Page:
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Racial Disparities in Healthcare Perpetuated with Genetic Risk-Factor Diagnostics

By: Juliette Blais-Savoie

Genetics has become a highly influential branch of medical science. Since the completion of the human genome project in 2003, researchers have been able to investigate the genes underlying many different diseases. Sequencing technologies have advanced even more in recent years, making sequencing a more accessible diagnostic tool for patients.


One strategy that uses genetics to investigate disease risk is the Genome Wide Association Study (GWAS). A GWAS uses sequences from a large population to investigate associations between diseases and specific genes. The goal of these studies is to find genes that are strongly associated with certain diseases, such as the BRCA1 and BRCA2 genes are associated with heightened risk of breast cancer. Once these genetic links are discovered, they can be used as a diagnostic tool to assess disease risk. For example, women who have relatives with breast cancer are often screened for BRCA1 and BRCA2.


It is important to note that just because an individual has a gene associated with a disease, it doesn’t mean that individual will inevitably become ill with that disease. These patients simply have an increased likelihood of developing that disease. This knowledge can be extremely useful for taking preventative measures in at-risk patients. Women with BRCA1 or BRCA2 are often instructed to have more frequent mammograms to detect any possible cancer developments early on, and patients who have increased risks of heart attacks may begin taking baby aspirin as a blood thinner.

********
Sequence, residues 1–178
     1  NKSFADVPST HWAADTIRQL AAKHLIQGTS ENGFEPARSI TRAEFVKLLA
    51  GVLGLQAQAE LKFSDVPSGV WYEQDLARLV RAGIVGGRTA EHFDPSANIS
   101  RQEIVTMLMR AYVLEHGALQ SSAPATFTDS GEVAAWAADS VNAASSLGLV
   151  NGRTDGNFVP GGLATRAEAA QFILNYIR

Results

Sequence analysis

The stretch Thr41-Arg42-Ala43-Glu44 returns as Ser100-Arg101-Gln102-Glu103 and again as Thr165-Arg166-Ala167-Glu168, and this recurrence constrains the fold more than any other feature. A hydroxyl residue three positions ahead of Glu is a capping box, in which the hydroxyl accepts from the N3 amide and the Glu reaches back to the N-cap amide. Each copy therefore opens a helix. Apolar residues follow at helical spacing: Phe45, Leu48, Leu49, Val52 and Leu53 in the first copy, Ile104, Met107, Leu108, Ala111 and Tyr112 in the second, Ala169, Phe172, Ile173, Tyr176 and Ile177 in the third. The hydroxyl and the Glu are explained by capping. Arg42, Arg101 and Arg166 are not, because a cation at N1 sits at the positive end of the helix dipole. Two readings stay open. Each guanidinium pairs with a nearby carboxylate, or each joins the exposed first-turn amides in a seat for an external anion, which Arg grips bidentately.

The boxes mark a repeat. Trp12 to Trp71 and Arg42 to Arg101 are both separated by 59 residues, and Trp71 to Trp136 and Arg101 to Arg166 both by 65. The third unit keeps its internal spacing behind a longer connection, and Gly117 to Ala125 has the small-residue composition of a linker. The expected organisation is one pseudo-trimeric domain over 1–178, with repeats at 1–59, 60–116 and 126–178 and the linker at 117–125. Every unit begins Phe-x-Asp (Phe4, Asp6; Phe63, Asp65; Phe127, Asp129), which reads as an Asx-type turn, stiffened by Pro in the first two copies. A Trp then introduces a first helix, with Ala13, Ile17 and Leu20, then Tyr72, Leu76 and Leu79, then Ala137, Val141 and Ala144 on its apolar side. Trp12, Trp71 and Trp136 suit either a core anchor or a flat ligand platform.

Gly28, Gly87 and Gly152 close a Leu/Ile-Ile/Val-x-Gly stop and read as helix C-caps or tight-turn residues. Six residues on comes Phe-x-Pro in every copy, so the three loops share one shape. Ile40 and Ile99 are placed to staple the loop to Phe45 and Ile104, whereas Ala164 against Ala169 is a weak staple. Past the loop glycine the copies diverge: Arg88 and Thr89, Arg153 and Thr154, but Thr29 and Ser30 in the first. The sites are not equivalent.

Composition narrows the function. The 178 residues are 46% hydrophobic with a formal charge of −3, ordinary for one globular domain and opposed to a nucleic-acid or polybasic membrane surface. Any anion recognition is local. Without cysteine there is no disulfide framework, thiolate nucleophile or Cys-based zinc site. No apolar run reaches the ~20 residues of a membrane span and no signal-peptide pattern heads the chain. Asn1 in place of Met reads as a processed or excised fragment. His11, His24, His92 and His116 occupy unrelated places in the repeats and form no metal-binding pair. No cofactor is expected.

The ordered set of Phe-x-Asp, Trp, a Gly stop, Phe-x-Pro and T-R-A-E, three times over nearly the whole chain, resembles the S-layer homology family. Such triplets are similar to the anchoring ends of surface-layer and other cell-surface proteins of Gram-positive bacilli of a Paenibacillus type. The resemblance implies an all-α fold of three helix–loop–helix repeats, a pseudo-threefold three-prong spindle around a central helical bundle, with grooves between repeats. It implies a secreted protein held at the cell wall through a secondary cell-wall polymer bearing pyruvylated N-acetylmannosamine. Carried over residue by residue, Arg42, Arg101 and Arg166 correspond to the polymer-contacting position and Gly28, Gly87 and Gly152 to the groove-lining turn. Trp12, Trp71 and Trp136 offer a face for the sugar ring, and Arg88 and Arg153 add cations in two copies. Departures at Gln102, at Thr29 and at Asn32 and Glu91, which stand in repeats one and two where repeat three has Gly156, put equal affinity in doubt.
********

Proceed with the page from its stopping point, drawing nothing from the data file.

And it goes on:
While it is clear how this genetic approach can help save lives, it is unfortunately not as effective in all populations. Over 95% of the sequences in GWAS come from white patients of European heritage. This becomes problematic since genes of interest are identified by correlations within the GWAS groups, which largely exclude all people of color. While many risk-associated genes are present in all races, different mutations arose during historical periods of isolation between people of different geographic regions, largely during the prehistoric period. Because of this, mutations that are present in black or asian patients will not be investigated by GWAS, making genetic diagnostics much less accurate in POC, especially black patients, who have the fewest shared genes with white Europeans. Fortunately, this is an entirely remediable issue. Genome Wide Association Studies simply need to be made more diverse, so that patients of all genetic backgrounds can benefit from these amazing and lifesaving approaches.


References


National Human Genome Research Institute. Human Genome Project Timeline of Events. (2021). https://www.genome.gov/human-genome-project/Timeline-of-Events.


Nixon, C., Cottrell., P. Breast Cancer Risk Factors: Genetics. (2021). https://www.breastcancer.org/risk/factors/genetics.


Martin, A.R., Kanai, M., Kamatani, Y. et al. Clinical use of current polygenic risk scores may exacerbate health disparities. Nat Genet 51, 584–591 (2019). https://doi.org/10.1038/s41588-019-0379-x.

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